Cachuma Operation and Maintenance Board

Introduction and History

Introduction and History

Introduction

The Cachuma Project is one of three large-scale Federal water projects in the region; the other two are the Santa Maria and Ventura Projects. These "seacoast projects" capture seasonal floodwaters that would otherwise flow to the ocean.

The Cachuma Project collects and stores floodwater from the Santa Ynez River for historically water-deficient communities of the South Coast area, including Carpinteria, City of Santa Barbara, Goleta, Montecito, and the Santa Ynez Valley, as well as unincorporated areas and thousands of acres of outlying agricultural lands.

This river basin's runoff comes from precipitation in the brief rainy season, October to April. Consequently, trapping rainfall is critical, especially during inevitable dry cycles when users can rely only on the storage of past seasons' remaining surplus.

Construction of the Cachuma Project, which was authorized in 1948, began in 1950 and was completed in the mid-1950s.

History

As early as 1903, the Santa Ynez River watershed was recognized as the only feasible long-term source of a dependable water supply for the increasing population of the South Coast area.

The first diversion of water from the Santa Ynez River basin to Santa Barbara took place in 1920 with the construction of the Gibraltar Dam and Reservoir and Mission Tunnel by the City of Santa Barbara. Before this, the City of Santa Barbara had used local streams and tunnels in the Santa Ynez Mountains and groundwater. In 1930, Montecito County Water District, just east of Santa Barbara, completed construction of both Juncal Dam and Jameson Reservoir upstream from Gibraltar Dam on the Santa Ynez River.

As the population of the South Coast area continued to increase, its water problems compounded. By the 1940's it was evident that underground springs were being pumped faster than the rate of natural replenishment. In addition, post-war population growth caused the City of Santa Barbara to exceed planners' safe annual yield of all its sources. The area simply could not keep pace with consumption. The area resorted to water rationing and fines for overuse.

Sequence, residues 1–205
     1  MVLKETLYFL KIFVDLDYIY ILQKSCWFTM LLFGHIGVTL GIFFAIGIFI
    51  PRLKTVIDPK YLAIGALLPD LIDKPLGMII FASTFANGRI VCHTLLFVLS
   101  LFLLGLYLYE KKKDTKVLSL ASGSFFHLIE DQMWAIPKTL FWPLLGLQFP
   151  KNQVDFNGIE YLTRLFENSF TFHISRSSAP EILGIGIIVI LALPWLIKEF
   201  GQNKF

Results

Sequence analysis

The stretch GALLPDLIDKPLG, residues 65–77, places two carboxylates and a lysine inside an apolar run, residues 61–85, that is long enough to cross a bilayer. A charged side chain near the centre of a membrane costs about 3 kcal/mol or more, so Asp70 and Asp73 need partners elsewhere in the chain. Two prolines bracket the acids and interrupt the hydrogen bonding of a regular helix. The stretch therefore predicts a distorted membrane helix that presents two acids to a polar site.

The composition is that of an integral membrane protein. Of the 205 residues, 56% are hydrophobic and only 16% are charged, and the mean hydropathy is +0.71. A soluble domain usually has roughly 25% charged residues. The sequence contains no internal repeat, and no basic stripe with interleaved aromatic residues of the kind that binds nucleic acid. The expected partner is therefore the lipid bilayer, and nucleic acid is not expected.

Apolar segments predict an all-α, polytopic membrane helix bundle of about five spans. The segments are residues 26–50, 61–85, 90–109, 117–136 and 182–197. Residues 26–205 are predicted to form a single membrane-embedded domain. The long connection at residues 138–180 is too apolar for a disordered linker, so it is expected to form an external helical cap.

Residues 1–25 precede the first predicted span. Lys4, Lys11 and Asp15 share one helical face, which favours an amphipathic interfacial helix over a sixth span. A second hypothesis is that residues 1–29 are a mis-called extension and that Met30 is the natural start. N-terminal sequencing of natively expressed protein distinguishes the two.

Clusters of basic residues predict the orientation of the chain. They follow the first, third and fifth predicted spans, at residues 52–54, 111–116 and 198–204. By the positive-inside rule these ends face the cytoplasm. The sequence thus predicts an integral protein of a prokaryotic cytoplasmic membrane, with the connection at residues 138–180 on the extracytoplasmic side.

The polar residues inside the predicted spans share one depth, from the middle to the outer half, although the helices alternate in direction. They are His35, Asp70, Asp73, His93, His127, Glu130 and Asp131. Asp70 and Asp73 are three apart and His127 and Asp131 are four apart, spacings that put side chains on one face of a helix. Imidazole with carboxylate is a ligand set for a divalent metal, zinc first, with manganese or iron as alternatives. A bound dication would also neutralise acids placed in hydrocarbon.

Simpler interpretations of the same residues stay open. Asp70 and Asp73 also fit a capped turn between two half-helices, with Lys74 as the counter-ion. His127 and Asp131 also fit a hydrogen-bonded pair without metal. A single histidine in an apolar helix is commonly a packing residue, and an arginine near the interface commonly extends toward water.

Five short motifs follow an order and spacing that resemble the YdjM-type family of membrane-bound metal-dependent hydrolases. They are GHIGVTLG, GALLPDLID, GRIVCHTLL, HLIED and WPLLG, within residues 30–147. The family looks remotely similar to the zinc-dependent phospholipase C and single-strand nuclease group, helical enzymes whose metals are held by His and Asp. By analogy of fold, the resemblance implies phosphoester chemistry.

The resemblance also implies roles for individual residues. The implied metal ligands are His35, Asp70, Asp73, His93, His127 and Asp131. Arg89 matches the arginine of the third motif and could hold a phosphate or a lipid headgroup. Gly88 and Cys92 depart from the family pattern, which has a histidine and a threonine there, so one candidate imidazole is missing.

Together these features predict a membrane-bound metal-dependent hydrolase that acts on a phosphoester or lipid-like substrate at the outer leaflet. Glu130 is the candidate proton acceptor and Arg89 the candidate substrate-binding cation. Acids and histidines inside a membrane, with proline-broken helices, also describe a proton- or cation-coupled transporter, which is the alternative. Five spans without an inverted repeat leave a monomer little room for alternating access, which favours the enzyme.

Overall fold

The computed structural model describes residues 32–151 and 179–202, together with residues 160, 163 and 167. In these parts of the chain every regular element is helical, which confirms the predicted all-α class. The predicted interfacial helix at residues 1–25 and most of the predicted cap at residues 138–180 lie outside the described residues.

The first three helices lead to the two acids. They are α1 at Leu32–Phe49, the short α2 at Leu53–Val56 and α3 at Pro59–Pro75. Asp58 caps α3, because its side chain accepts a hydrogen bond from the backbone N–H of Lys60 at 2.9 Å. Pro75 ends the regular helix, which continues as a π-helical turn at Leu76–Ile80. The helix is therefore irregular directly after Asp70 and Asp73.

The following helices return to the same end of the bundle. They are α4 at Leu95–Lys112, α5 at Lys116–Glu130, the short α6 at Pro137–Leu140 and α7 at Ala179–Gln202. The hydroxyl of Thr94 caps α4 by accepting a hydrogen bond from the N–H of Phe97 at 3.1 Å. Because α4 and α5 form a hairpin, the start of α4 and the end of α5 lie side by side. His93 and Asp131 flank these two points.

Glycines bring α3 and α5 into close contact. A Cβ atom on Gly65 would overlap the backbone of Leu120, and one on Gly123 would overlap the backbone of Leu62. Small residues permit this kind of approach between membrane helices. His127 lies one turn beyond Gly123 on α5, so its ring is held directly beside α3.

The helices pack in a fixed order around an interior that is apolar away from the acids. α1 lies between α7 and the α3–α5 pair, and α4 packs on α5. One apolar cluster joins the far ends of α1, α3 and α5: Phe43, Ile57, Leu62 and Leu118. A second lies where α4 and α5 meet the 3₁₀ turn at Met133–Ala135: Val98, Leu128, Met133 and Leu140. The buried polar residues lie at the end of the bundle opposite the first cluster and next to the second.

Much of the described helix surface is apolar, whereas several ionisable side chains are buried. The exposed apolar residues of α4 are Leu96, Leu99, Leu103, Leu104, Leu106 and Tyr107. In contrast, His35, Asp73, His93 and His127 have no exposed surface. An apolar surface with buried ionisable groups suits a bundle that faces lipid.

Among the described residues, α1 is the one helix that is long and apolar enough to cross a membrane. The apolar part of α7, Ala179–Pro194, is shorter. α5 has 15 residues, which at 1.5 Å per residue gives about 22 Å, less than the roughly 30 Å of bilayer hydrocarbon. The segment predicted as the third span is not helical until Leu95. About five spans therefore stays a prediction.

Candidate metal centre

The increasing withdrawal of water from underground sources throughout the southern portion of Santa Barbara County caused the groundwater level to start dropping at an alarming rate. City and countywide studies for a long-term solution to the South Coast area's water problems began in 1938. In 1941, the Santa Barbara County Board of Supervisors requested the Bureau of Reclamation to study the water problem.

In 1945, the State of California created the Santa Barbara County Water Agency. This agency entered into a master contract with the Federal Government for development of the Cachuma Project. It also entered into subcontracts with Carpinteria Valley Water District, City of Santa Barbara, Goleta Water District, Montecito Water District, Summerland, and the Santa Ynez River Water Conservation District, all of which were designated as Member Units of the agency. The SBCWA/Reclamation partnership originally proposed a "Comprehensive Santa Ynez River Basin Plan-Santa Barbara County" that would also incorporate the Santa Maria Project.

In 1947, after six years of extensive investigations and conferences with the Santa Barbara County Water Agency, the Bureau of Reclamation submitted a plan recommending the construction of Cachuma Dam, Tecolote Tunnel, and the South Coast Conduit. The plan included proposed rates for furnishing water and an allocation of water to the water districts and to the City of Santa Barbara.

The project was authorized on March 4, 1948, by the Secretary of the Interior pursuant to section 9(a) of the Reclamation Project Act of 1939.

Construction of Tecolote Tunnel began on March 30, 1950, and was completed in 1956. Construction of Bradbury Dam and the South Coast Conduit was started in 1950 and completed in 1953. The four regulating reservoirs, Glen Anne, Lauro, Ortega, and Carpinteria, were built during 1951-1954. Distribution systems for Carpinteria, Goleta, and Summerland County Water Districts were constructed by Reclamation during 1952-1956.